Gordon Parks

Multi-faceted photojournalist, Gordon Parks (born 1912), documented many of the greatest images of the 20th century. He expanded his artistic pursuits from visual images to literature with his first novel, The Learning Tree, which he then adapted into an award-winning motion picture. Over the years, his works have included musical composition, orchestration, and poetry. The limit of Parks' talent remains to be discovered as he evolves with characteristic grace into the era of digital photography.

Gordon Roger Alexander Buchanan Parks was born in Fort Scott, Kansas on November 30, 1912. He was the youngest of 15 siblings, the children of Andrew and Sarah (Ross) Jackson Parks. The rumor survives, more than eight decades later, that Parks was born dead. In what must have seemed a miracle, the attending physician was able to revive the infant. The physician, Dr. Gordon, acquired a namesake in the process.

The Parks family members were victims of extreme poverty. Andrew Parks was a dirt farmer whose wife passed away when Gordon was only 15. Following the death of Sarah Parks, members of the Parks family dispersed, and Gordon went to St. Paul, Minnesota to stay with an older sister. In St. Paul he attended Central High and Mechanical Arts High School, but the hardships of adult life set in before he received a diploma. Parks had failed to establish a congenial relationship with his brother-in-law. Thus, life became difficult. The relationship grew increasingly strained until Parks abruptly left his sister's household. Still in high school and jobless, he carried few belongings with him into the frigid Minnesota winter. He survived by taking odd jobs and tried to finish his education, but soon dropped out and drifted in search of work.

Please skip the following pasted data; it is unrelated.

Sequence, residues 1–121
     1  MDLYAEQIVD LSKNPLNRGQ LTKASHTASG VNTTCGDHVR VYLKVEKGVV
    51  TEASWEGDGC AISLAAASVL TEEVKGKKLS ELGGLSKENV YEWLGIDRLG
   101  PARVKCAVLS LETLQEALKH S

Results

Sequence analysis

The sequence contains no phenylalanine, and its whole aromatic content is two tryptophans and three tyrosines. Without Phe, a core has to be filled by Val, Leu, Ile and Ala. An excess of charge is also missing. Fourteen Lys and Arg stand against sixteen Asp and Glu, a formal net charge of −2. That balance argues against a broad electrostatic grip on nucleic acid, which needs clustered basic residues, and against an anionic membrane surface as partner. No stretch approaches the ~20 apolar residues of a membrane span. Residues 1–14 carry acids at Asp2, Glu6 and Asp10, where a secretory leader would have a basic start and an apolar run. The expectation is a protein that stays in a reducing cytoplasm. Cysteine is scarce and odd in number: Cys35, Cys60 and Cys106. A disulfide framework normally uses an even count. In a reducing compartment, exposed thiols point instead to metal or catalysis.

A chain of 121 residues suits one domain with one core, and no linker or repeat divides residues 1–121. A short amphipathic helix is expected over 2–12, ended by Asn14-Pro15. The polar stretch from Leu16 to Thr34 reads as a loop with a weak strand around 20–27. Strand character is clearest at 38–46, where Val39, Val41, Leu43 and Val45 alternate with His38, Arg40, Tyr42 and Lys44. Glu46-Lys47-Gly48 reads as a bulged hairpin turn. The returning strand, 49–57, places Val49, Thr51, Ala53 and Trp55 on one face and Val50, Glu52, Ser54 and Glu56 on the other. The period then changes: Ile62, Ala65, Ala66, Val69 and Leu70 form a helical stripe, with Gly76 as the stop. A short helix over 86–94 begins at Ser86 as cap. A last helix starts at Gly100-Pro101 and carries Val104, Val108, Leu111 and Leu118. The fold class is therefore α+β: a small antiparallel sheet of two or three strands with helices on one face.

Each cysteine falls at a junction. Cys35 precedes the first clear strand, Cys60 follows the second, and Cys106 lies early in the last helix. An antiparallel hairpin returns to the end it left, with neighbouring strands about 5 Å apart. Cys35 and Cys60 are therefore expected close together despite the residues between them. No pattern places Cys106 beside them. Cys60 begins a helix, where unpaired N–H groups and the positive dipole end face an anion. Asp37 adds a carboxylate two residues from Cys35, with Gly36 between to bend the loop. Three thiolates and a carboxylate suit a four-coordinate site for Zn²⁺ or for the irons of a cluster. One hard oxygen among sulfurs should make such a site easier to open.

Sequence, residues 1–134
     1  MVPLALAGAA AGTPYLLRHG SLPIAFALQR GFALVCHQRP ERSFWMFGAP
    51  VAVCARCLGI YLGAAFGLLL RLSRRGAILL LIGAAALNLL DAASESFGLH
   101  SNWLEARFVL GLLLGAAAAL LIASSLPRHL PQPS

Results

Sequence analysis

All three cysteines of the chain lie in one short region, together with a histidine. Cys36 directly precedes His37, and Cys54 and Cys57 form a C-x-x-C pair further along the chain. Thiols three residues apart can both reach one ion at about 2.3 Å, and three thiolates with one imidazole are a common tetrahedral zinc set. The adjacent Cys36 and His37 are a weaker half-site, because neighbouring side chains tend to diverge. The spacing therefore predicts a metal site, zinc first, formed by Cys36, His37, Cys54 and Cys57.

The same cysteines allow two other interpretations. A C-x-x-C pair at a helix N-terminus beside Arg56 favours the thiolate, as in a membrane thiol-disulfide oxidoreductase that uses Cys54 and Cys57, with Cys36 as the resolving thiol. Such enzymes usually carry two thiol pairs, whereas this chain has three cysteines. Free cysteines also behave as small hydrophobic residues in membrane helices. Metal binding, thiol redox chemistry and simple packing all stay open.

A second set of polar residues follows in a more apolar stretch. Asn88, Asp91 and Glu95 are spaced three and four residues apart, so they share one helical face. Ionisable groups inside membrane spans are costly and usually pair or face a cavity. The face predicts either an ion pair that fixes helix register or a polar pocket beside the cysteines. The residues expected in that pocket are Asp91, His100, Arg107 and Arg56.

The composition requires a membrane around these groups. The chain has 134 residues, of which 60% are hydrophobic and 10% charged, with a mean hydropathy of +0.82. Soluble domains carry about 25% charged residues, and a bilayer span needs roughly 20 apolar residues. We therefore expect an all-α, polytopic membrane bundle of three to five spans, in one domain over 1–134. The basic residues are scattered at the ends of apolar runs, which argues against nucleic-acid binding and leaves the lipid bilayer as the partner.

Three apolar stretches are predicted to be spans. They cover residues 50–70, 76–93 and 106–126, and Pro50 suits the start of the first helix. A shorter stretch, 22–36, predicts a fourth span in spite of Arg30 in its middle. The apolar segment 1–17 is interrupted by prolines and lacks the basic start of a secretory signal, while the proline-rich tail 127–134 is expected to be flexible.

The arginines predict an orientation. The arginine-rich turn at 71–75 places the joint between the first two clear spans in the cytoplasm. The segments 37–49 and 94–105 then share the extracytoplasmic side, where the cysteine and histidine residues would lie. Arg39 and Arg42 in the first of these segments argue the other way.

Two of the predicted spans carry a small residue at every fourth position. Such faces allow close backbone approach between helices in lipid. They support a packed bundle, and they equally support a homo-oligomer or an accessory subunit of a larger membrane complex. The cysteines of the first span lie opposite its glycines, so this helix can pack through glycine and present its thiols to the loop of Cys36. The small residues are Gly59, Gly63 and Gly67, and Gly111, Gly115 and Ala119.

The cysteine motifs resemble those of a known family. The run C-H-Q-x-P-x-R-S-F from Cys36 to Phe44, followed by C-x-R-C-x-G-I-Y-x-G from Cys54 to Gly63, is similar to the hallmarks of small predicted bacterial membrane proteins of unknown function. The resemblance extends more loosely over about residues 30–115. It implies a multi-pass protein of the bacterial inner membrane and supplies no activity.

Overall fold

Young Artist on His Own

Even as a very young child, Parks sensed his own gift of music. As a youngster, he played an old Kimball piano whenever he could find the time. He was, in fact, able to pick and play most instruments that crossed his path. That innate sense of music enabled Parks to secure work as a piano player, albeit in the setting of a brothel. In time Parks joined the Larry Funk Orchestra and went on tour until the band dissolved in New York, at which point he found himself in Harlem and jobless once again. Parks joined the Civilian Conservation Corps in 1933 and used that employment to return to Minnesota, where he married Sally Alvis. In 1935 Parks went to work for the railroad.